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ST PETERSBURG (Reuters) - Germany coach Joachim Loew heaped lavish praise on his young, experimental team after they beat Chile 1-0 to win the Confederations Cup on Sunday.
Loew left behind players such as goalkeeper Manuel Neuer, Jerome Boateng, Sami Khedira, Toni Kroos and Thomas Mueller yet his side still managed to beat the Asian, African, CONCACAF and South American champions on their way to lifting the title.
His team on Sunday had an average age of just over 24, compared to over 30 for Chile. Julian Draxler, who captained the side aged 23, was their most experienced player with 35 caps.
"I'm immensely proud of this team because they have been together for only three-and-half weeks," Loew told reporters.
"You could actually feel in all of our training sessions, every single day, that something was happening there. You could feel an unbelievable hunger for victory, both on the training pitch and during matches, so it's well-deserved.
"The fact that these young players have won this tournament makes it an historic achievement, it's unique in Germany's history, it's outstanding."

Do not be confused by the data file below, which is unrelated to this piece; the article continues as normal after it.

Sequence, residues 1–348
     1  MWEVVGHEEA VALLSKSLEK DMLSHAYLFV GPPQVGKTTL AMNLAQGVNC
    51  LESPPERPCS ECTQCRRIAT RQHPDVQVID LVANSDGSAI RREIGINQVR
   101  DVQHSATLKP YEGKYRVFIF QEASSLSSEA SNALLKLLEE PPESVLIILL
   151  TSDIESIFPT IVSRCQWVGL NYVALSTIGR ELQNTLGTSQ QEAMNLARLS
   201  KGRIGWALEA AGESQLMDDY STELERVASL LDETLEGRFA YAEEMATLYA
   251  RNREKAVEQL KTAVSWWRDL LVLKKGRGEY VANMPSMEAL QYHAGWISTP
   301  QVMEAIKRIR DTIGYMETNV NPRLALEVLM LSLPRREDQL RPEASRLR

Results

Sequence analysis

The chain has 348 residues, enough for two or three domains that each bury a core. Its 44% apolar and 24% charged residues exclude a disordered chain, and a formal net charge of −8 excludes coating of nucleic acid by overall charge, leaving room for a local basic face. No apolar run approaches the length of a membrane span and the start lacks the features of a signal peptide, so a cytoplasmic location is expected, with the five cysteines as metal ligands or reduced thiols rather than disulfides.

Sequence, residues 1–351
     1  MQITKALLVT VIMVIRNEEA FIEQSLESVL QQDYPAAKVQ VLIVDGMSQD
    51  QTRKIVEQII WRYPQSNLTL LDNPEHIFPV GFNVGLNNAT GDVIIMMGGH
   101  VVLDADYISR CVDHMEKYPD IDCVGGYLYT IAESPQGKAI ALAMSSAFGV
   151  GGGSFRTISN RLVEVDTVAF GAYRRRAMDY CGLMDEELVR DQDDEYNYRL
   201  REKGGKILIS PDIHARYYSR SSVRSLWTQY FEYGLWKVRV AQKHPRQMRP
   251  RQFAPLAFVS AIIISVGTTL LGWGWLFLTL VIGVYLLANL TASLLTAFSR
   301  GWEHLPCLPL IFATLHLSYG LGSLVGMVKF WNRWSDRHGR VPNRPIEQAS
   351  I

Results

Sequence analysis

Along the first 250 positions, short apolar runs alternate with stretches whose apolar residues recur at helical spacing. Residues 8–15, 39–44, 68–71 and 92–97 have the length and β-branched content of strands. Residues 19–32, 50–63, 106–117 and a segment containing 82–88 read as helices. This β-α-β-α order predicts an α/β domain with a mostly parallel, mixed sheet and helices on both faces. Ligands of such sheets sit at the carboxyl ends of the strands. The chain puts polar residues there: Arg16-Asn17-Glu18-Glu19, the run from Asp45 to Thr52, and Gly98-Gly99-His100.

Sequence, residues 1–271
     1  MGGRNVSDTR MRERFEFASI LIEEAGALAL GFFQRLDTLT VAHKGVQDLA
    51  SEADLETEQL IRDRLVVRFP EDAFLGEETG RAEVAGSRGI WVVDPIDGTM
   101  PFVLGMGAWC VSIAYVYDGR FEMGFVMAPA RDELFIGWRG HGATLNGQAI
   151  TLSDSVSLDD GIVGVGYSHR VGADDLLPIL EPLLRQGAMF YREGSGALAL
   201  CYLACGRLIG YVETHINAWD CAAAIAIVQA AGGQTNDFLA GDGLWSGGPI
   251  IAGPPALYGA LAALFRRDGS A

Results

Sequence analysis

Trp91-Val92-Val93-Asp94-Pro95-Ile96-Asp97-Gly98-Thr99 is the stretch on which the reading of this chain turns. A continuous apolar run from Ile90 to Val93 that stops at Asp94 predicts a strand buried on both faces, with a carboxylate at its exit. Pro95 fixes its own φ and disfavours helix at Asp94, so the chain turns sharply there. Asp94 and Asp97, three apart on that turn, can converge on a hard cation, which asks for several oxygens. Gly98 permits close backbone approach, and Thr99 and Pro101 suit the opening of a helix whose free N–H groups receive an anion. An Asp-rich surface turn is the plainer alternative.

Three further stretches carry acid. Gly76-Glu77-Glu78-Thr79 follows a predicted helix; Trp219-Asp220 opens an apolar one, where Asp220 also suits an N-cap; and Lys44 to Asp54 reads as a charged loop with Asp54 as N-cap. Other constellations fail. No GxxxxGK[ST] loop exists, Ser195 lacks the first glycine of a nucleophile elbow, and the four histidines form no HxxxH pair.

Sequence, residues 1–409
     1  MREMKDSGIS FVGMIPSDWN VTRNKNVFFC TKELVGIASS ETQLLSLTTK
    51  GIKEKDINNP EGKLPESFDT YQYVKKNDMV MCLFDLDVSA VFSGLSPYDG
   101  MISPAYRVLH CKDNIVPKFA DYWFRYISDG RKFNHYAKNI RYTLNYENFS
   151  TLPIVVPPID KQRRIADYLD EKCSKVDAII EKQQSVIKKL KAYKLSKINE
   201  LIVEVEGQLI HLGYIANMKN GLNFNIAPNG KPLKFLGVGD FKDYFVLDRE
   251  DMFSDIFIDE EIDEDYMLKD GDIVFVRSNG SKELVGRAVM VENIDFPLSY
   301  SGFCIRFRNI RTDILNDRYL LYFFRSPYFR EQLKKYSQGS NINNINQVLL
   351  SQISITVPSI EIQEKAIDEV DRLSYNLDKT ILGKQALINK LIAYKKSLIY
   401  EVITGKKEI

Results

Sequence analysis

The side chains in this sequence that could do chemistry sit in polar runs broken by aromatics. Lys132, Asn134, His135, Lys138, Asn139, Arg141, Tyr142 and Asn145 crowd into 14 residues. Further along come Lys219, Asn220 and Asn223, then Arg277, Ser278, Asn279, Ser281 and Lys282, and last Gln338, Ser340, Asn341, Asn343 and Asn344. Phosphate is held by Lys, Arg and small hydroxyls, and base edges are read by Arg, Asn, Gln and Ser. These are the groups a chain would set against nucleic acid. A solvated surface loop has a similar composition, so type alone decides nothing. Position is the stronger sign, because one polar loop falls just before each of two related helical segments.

The win came two days after Germany beat Spain 1-0 to win the European under-21 championship.
"All the players who were in the squad were in a much better position than they were before," said Loew.
He added that the final was a bruising match.
"Our team had to fight hard because the Chileans are very robust players," he said. "We have been literally fighting for every single ball."
He also thought Chile defender Gonzalo Jara could have been sent off for elbowing Timo Werner in an incident which was reviewed by the referee using a video replay.
"That could have been a red card because it was a blow in the face and if the referee sees something like that, he could have dismissed him," said Loew.
Writing by Brian Homewood; Editing by Ken Ferris